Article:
Now, out of curiosity, without this condition, the router should be masquerade all traffic on the src-nat chain and to whatever IP is assigned to the interface it leaves from. so I tested on my home router, tings are still working. I think it's because
the traffic leaving WAN interface, is masqueraded , so Internet is working fine
traffic going to another PC on my LAN, still work, because the traffic is within the same local bridge so it never got to the routing process.

then my question, under what situation, the missing out-interface=<> condition, would cause a problem? traffic from one bridge to another? but then it's masqueraded and Connection tracking will remember the source IP anyway...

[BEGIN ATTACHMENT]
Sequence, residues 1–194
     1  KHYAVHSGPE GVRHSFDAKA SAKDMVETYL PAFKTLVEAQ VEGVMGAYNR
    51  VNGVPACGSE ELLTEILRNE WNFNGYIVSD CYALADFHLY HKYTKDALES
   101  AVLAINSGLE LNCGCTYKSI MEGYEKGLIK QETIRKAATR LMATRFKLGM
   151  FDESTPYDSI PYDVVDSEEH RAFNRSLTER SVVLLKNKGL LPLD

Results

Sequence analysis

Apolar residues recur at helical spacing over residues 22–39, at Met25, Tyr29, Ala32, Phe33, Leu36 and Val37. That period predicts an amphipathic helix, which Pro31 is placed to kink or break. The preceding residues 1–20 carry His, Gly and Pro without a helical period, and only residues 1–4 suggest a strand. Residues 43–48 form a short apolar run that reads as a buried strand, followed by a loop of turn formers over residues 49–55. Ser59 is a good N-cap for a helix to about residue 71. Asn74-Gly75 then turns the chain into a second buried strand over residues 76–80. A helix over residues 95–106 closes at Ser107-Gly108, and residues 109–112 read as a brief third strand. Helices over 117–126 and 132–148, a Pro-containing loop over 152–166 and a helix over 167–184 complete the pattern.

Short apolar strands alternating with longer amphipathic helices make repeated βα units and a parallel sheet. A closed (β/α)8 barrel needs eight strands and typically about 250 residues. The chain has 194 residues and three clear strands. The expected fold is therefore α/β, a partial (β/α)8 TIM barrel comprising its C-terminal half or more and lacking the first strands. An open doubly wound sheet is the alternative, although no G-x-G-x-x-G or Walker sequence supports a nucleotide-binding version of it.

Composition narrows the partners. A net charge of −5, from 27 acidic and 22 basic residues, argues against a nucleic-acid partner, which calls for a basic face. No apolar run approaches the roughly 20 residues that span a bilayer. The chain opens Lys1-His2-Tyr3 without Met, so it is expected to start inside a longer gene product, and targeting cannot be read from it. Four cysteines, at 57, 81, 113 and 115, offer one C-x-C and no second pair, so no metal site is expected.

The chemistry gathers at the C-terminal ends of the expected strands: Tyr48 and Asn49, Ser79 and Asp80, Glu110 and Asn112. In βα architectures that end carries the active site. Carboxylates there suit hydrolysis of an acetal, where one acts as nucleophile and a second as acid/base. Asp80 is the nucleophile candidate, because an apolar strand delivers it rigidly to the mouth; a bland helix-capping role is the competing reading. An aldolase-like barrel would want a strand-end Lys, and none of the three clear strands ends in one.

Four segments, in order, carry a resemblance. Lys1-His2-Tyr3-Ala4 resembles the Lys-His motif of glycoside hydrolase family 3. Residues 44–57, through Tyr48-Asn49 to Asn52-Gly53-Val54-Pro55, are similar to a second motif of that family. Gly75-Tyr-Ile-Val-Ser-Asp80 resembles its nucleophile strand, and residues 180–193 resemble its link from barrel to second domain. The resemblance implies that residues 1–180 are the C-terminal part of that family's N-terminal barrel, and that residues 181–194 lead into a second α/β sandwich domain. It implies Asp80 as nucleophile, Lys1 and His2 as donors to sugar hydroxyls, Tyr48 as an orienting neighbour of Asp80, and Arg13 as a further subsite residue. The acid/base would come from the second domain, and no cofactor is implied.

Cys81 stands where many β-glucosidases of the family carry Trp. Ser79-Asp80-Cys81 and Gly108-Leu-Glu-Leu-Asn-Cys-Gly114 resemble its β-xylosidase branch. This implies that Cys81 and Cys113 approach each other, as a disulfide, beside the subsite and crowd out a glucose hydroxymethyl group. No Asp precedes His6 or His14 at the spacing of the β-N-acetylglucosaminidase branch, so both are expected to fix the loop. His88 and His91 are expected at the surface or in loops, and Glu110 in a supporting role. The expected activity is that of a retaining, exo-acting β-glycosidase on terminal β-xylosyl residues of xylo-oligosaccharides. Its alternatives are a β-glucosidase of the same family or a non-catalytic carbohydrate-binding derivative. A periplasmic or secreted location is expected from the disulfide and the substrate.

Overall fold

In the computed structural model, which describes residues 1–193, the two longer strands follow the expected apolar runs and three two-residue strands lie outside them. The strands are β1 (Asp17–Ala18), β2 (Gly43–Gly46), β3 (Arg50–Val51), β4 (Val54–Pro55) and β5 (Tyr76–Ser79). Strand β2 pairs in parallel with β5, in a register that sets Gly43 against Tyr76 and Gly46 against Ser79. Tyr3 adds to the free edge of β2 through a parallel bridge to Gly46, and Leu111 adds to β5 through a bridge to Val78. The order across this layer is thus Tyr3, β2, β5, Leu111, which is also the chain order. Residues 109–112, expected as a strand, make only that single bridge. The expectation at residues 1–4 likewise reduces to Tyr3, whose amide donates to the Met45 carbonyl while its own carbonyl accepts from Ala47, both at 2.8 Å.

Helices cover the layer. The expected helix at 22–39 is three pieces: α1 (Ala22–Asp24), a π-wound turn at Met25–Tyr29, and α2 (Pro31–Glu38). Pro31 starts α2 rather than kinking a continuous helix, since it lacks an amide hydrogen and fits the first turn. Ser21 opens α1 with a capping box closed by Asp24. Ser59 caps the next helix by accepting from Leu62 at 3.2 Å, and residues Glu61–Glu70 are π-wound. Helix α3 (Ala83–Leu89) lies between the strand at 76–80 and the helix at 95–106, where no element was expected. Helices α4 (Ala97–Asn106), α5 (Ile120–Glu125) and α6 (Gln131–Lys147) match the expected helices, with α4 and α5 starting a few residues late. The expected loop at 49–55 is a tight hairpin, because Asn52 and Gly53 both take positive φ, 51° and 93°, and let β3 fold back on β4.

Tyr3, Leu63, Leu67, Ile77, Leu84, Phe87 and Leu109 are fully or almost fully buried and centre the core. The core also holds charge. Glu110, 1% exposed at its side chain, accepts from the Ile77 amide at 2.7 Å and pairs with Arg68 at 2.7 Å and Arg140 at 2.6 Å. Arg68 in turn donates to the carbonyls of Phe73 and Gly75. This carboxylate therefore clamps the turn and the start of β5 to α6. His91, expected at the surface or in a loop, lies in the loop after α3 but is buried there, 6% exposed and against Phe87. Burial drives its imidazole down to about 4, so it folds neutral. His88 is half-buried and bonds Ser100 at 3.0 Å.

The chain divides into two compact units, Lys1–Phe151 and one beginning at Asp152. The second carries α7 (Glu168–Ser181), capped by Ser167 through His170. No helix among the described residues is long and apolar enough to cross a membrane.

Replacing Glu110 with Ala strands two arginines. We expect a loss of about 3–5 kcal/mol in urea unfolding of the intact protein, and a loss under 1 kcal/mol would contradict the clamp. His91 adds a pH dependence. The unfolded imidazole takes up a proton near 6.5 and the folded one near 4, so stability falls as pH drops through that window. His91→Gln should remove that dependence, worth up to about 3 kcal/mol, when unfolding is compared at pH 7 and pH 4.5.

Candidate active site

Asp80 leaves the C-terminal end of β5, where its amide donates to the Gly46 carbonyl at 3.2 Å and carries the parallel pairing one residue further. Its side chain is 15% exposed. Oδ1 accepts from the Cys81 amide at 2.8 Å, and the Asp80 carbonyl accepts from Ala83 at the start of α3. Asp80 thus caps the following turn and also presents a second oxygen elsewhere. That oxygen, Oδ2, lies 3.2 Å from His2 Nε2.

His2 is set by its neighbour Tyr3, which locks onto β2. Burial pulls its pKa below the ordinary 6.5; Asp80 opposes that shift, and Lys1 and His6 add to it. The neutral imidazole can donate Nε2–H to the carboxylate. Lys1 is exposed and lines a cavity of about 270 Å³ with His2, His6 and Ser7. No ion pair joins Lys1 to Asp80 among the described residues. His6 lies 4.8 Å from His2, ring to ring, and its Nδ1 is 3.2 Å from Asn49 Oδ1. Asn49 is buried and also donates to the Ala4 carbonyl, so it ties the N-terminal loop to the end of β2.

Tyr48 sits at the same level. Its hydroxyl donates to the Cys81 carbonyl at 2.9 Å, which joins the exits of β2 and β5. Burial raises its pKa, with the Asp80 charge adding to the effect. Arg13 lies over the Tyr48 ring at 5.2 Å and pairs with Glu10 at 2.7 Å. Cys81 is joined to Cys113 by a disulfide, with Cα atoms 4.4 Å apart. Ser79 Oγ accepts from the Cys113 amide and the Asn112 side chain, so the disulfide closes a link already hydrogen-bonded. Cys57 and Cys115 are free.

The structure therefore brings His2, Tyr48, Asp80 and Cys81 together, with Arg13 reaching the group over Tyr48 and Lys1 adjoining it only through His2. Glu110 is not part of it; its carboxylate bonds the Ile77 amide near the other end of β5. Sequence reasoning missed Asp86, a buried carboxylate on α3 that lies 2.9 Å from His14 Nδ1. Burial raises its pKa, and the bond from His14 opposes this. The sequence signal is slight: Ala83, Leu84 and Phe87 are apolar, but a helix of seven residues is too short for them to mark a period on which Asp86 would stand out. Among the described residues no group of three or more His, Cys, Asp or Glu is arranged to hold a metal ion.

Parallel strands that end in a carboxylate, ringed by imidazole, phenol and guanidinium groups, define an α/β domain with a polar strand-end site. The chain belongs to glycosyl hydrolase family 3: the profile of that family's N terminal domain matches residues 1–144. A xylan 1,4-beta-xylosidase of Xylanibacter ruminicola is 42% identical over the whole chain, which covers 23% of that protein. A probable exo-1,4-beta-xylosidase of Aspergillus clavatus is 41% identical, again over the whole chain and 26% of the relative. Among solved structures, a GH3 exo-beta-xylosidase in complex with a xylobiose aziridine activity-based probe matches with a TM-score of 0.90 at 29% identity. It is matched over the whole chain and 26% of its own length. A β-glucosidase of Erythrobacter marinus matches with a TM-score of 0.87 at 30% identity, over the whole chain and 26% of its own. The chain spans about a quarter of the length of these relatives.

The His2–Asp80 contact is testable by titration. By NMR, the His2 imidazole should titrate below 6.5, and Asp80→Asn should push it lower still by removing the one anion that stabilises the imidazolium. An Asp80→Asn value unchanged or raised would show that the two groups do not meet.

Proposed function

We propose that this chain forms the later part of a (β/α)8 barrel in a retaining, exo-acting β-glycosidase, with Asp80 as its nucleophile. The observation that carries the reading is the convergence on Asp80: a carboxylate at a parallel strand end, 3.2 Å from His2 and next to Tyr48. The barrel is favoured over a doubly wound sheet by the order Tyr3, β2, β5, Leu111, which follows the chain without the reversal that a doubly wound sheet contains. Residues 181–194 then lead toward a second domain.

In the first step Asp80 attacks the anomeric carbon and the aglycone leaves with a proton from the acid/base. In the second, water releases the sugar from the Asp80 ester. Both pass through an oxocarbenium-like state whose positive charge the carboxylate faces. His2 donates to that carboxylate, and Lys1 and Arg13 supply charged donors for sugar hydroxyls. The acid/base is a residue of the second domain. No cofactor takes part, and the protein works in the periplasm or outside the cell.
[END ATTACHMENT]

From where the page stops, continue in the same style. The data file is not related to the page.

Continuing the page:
Maybe I am thinking too much but It will bother me tonight when I try to sleep....
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anav
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Re: How to forward ports to multiple WAN interfaces?

Fri Jan 18, 2019 5:27 pm

Solar77, a good bottle of wine will help with the insomnia.
MKX, awesome breakdown as usual!

One question though......
Lets say I had three WAN IPs
Lest say I had one server that needed to be accessible to all Three WANIPs
Lets say I am allergic to mangle rules.
Lets say I had three nic cards on the server
Lets say I gave each nic card a different IP address

Could I do something like...
/ip route
add route to go to IP1 for source address server one
add route to go to iP2 for source address server two
add route to go to IP3 for source address server three

I suppose that is overly complicated because I would have to ensure users come in on the correct WAN interface, but HOW are they instructed to do so now is my question.